I often hear my students say "I don't understand the French, they speak too fast!" "Spoken French is so different from written French."

(you, to the French)

The truth is that the French don't speak that fast. And yes, if we look at this study from Science Advances, the French language is only the seventh-fastest language in the world, just before English which is in eighth place. And far behind Spanish which is in second place.

So, why do we have the impression that the French speak so fast? And why is it so hard to understand them? I'll explain why in this content today. And most importantly, I'm going to give you some tips on how to better understand spoken French. And stay tuned until the end, because I have a surprise for you.

For our exercise today, we're going to take an excerpt from the well-known French series Dix pour cent.


Many of you have watched and loved this series, but many of you have also told me that you don't fully understand the dialogues. Indeed, it is a series in which every day and familiar vocabulary is used. It's also a series about the world of work, and in the world of work, you want to go fast and get a message across quickly. For you, it is sometimes not easy to understand.


Spoken French VS written French :

First extract:

Let's observe:

"Je veux absolument aller voir la pièce de Koltès au théâtre du Rond-Point cette semaine, tiens. Prends-moi deux places pour mardi."
(sentence from episode 1, season 1)


Je veuxbecomes “J’veux

Cette semaine→ “Cet’semaine” : it's like one word.

Tiens” = The word “tiens” in French is here a filler word that has no real use. It just attracts attention.

This sentence is said in one go, without hesitation, without pause. When we speak in French, we don't really pause unless there is a punctuation mark.

There is not one syllable or word that is more stressed than another. In French, we don't stress words and syllables much unless it is to get a message across.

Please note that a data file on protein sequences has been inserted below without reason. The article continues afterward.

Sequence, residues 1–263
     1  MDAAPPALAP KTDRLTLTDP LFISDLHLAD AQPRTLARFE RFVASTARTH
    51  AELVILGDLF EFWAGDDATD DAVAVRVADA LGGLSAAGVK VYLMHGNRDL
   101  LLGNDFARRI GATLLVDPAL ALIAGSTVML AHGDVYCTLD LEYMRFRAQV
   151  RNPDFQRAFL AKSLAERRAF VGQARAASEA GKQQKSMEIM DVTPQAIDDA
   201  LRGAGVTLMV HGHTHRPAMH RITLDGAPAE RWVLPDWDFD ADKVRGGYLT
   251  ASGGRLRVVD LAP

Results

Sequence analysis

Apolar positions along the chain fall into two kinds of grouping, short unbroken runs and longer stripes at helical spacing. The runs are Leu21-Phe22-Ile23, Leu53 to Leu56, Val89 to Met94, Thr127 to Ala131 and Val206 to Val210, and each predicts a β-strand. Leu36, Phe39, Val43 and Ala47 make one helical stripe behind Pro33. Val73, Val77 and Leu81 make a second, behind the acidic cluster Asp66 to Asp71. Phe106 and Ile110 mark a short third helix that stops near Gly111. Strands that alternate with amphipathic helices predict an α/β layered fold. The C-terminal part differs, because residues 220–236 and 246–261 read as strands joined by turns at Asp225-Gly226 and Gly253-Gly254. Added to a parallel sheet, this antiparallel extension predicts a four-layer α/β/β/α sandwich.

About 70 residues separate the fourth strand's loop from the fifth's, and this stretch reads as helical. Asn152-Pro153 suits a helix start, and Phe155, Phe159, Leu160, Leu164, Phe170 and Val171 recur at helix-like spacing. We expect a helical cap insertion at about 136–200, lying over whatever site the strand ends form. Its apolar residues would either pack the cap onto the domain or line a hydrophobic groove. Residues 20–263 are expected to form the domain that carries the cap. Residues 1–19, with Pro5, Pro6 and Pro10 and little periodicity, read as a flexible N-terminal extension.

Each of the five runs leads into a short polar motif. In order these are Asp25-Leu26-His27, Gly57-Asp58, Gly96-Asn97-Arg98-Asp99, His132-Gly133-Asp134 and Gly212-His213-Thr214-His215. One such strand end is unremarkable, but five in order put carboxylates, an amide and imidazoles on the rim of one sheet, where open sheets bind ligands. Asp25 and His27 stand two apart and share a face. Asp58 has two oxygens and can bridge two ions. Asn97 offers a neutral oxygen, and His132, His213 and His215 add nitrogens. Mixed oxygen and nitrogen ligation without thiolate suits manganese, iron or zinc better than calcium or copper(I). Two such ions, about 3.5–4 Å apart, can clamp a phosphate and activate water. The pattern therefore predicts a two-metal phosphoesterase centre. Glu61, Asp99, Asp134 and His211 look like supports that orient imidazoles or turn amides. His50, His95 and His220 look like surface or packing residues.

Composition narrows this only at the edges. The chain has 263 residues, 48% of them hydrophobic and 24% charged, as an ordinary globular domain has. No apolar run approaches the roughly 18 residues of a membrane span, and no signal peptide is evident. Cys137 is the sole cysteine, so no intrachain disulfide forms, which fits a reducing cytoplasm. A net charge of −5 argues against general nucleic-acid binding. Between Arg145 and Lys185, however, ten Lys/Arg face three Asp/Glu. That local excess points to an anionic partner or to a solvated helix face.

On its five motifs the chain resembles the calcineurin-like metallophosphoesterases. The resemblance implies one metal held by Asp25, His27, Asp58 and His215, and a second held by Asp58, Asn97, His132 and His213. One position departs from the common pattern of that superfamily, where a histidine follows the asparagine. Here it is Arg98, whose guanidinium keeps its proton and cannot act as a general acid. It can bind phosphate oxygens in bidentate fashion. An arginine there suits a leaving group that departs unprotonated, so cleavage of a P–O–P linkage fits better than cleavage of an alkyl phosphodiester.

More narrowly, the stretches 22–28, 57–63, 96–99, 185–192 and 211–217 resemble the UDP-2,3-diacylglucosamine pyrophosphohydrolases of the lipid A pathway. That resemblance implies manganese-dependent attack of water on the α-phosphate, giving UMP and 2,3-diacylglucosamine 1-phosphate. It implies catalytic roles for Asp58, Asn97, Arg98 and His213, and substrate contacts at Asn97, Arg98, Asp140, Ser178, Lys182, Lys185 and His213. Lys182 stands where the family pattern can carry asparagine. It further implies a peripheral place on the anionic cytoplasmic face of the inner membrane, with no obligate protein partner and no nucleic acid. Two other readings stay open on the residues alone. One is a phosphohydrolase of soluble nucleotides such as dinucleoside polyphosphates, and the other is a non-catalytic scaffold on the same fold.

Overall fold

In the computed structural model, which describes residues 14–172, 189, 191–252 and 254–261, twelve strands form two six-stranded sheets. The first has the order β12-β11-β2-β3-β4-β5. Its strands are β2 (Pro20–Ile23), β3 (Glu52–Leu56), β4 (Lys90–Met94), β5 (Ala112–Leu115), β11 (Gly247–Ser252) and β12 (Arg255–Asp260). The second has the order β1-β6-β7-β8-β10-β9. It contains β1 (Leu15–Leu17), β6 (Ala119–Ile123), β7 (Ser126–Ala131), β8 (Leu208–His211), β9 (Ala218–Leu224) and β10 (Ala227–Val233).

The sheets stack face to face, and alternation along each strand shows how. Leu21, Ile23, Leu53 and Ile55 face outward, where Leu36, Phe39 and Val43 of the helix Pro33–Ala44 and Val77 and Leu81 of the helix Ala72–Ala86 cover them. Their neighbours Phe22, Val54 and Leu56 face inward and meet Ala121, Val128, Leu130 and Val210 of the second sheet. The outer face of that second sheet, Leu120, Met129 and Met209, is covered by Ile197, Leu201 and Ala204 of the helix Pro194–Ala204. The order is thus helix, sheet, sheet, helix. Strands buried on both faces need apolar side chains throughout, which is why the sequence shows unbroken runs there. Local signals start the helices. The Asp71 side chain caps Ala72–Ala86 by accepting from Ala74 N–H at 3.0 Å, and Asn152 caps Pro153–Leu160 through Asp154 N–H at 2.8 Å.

This sentence, for example, can feel like it's just one long word, because there's no pause between the words.

It's quite monotonous, actually. Hence the difficulty for a non-native to understand every word in this sentence.


Second extract:

Demain, tu me réserves une table au Fumar, je déjeune avec Audiard et Arestrup. Je te le prends, hein. Merci.
(sentence from episode 1, season 1)

Tu me réserves” becomes “Tu m’réserves”. The "e" in French is very often suppressed, not pronounced.

Je déjeune” becomes “J’déjeune”.

Je te le prends” becomes “Jte l’prends.”

You see, actually, it's not that we talk fast. We eat the words. Instead of actually pronouncing each letter and syllable correctly. We delete letters and syllables. And we pronounce many words as if they were one word.

We don't speed up the way we talk. Not always. We just don't pronounce all the letters and syllables to go faster, that's true. But, our speech rate is not that fast.

We don't talk fast, we just don't pronounce all the letters and syllables in French.

Afterwards, to understand the words that are cut off when the French people speak, your ear has to get used to this way of speaking. Stay well until the end and I will give you a tool and advice for that.


Third extract:

Samuel, je peux te voir tout à l’heure ?
(sentence from episode 1, season 1)


je peux te voir” becomes “j’peux t’voir.

And for "tout à l'heure", here, we make a connection. Another very important thing to understand spoken French is the slurs.

Often, when you have a word that ends in a consonant and a word right after that begins with a vowel, we will make a connection. Not all the time! But, in oral speech, slurs are quite important and still give, it is a speed effect.


In summary:

In summary, it's difficult to understand spoken French because :


  • words are cut, not fully pronounced
  • hardly any words and syllables are stressed
  • not pronouncing all the letters and syllables
  • we make connections between words
  • pronouncing a sentence as if it were a single word


This is the explanation of why it is so difficult to understand native French people when they speak. But, then, you, how can you do to better understand the French, better understand spoken French.


This is where my surprise comes in, I created a free ebook where I explain in more detail: How to master spoken French?

  • Why is spoken French so important to know?

  • In what situations should spoken French be used?

  • The vocabulary, grammar and pronunciation of spoken French?

  • And I propose you some exercises to practice spoken French


And as a bonus, I will email you additional tips on how to understand and master spoken French in your everyday life.